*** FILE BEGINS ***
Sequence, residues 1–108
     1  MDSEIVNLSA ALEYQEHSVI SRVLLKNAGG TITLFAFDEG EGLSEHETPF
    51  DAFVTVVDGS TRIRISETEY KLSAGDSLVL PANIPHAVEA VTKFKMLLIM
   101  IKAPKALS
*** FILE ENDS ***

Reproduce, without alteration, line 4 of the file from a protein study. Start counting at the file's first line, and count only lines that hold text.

   101  IKAPKALS